Missouri 4

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BIOGRAPHICAL INFORMATION

AGE: 15

DATE OF BIRTH (DD/MM/YYYY): 1985

PLACE OF BIRTH: St. Louis, Missouri

GENDER: male

ETHNICITY: Caucasian

OCCUPATION: N/A

EDUCATION: N/A

AREA(S) OF RESIDENCE OUTSIDE REPRESENTATIVE REGION FOR LONGER THAN SIX MONTHS:

Subject was born in St. Louis, Missouri, but raised in St. Peters, Missouri.

OTHER INFLUENCES ON SPEECH: N/A

The text used in our recordings of scripted speech can be found by clicking here.

RECORDED BY: Shawn M. Muller

DATE OF RECORDING (DD/MM/YYYY): 22/09/2000

PHONETIC TRANSCRIPTION OF SCRIPTED SPEECH: N/A

TRANSCRIBED BY: N/A

DATE OF TRANSCRIPTION (DD/MM/YYYY): N/A

ORTHOGRAPHIC TRANSCRIPTION OF UNSCRIPTED SPEECH:

When I was sittin’ on the bus an’ the bus driver left me on the bus, th– an’ I was really scared, ’cause I woke up, and I popped my head up, and we were drivin’ down this one road and she slammed on the brakes, and that was kinda scary.  I’m going to be on “The Complete Works of William Shakespeare,” for the school.  Well, it’s about a whole buncha casts, eh, cast, that decides to put on a whole buncha shows fer– of William Shakespeare’s.  And, uh, basically it’s so … it’s a comedy, and we mess up, basically.  And there’s … we mess up on interpreting it, and stuff like that.  Everyone should come see it, too.  [Laughs] When I woke up?  When I woke up, I turned on my TV.  I watched the news to find out the temperature and stuff like that, and took a shower, came to school, ‘n’ went to first hour. Geometry, had a test, probably failed it.  Second hour, we watched a movie, slept.  Third hour, biology, slept.  Uh, fourth hour, world history; did pretty much nothing in there.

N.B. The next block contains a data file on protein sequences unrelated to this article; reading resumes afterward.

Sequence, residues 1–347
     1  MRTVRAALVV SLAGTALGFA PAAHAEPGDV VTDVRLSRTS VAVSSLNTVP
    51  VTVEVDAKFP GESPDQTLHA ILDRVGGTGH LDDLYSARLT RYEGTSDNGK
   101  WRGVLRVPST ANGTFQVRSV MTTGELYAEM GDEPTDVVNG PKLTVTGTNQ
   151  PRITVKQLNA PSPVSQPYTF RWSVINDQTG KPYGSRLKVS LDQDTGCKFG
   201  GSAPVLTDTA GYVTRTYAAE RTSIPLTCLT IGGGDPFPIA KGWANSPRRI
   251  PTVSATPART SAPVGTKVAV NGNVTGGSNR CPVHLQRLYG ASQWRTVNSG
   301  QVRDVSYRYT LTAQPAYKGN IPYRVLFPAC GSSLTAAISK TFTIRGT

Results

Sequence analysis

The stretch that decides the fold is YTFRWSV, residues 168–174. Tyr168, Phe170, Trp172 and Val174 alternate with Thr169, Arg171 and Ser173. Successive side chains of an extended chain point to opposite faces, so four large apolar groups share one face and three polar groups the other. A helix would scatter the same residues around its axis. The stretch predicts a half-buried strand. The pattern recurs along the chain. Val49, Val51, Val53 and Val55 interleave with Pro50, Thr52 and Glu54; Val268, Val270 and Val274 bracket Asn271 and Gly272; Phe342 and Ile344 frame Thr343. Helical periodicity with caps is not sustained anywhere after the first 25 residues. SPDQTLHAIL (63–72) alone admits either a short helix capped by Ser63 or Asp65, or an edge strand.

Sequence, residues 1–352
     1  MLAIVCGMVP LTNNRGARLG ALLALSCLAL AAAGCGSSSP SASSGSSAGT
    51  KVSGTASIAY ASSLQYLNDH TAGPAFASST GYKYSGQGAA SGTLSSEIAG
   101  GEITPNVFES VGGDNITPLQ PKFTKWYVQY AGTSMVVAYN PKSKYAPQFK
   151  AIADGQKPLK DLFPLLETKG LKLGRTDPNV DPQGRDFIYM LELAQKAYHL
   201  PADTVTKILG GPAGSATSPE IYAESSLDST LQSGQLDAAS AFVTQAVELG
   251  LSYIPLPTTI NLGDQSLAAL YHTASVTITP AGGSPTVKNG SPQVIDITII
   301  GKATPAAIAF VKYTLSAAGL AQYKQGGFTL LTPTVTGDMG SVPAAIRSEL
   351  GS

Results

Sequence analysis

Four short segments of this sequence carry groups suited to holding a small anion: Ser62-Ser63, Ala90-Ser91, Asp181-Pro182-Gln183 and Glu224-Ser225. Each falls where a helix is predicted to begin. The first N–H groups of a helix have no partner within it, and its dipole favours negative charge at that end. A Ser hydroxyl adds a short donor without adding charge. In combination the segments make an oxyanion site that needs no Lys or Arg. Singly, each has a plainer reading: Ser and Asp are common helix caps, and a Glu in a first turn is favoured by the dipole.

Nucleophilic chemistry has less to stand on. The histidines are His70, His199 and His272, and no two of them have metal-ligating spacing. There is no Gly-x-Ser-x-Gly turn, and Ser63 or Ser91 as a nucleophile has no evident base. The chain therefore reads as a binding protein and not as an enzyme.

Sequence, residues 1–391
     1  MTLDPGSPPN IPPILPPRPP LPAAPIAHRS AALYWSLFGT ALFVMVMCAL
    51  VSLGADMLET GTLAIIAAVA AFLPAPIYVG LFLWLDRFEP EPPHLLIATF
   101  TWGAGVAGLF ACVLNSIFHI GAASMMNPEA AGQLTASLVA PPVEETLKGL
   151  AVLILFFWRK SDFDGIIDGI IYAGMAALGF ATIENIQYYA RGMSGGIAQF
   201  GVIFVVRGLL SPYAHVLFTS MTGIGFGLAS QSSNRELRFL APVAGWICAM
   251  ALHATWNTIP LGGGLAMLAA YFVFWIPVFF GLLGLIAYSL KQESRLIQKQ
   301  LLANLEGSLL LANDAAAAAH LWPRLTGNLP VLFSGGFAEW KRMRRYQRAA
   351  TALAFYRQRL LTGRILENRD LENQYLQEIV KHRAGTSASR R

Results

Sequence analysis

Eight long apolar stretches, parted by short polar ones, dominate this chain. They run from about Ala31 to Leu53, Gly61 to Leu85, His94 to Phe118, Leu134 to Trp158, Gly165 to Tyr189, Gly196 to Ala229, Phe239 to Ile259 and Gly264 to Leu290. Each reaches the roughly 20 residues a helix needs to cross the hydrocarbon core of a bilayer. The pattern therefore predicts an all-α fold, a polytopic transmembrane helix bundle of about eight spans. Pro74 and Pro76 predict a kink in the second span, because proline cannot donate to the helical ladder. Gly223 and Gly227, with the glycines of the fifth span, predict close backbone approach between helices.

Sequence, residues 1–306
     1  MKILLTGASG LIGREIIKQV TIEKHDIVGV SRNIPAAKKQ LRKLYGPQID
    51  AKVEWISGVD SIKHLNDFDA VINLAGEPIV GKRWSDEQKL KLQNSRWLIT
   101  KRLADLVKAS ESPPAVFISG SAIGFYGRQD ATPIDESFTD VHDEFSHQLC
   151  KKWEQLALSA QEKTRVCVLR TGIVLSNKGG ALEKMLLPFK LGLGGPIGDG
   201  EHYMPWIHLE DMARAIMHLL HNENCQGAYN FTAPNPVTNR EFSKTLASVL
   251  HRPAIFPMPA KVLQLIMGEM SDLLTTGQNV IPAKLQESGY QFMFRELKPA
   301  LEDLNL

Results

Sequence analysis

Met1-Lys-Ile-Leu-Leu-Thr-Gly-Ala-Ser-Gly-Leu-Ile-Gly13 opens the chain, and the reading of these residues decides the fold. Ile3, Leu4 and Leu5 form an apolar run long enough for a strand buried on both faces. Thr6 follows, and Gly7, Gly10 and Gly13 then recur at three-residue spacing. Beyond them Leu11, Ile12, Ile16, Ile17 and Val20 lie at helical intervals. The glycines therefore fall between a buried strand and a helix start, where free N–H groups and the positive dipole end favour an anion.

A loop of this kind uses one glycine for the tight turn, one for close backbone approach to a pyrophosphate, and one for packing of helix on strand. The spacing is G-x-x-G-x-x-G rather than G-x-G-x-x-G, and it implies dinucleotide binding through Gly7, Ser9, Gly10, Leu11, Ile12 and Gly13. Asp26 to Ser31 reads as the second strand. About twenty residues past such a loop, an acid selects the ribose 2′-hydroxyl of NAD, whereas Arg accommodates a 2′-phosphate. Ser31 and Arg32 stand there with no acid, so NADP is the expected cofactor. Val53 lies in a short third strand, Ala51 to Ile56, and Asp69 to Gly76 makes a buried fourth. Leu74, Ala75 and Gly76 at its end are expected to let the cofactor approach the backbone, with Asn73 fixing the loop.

TRANSCRIBED BY: Jacqueline Baker

DATE OF TRANSCRIPTION (DD/MM/YYYY): 29/06/2008

PHONETIC TRANSCRIPTION OF UNSCRIPTED SPEECH: N/A

TRANSCRIBED BY: N/A

DATE OF TRANSCRIPTION (DD/MM/YYYY): N/A

SCHOLARLY COMMENTARY: N/A

COMMENTARY BY: N/A

DATE OF COMMENTARY (DD/MM/YYYY): N/A

The archive provides:

  • Recordings of accent/dialect speakers from the region you select.
  • Text of the speakers’ biographical details.
  • Scholarly commentary and analysis in some cases.
  • In most cases, an orthographic transcription of the speakers’ unscripted speech.  In a small number of cases, you will also find a narrow phonetic transcription of the sample (see Phonetic Transcriptions for a complete list).  The recordings average four minutes in length and feature both the reading of one of two standard passages, and some unscripted speech. The two passages are Comma Gets a Cure (currently our standard passage) and The Rainbow Passage (used in our earliest recordings).

 

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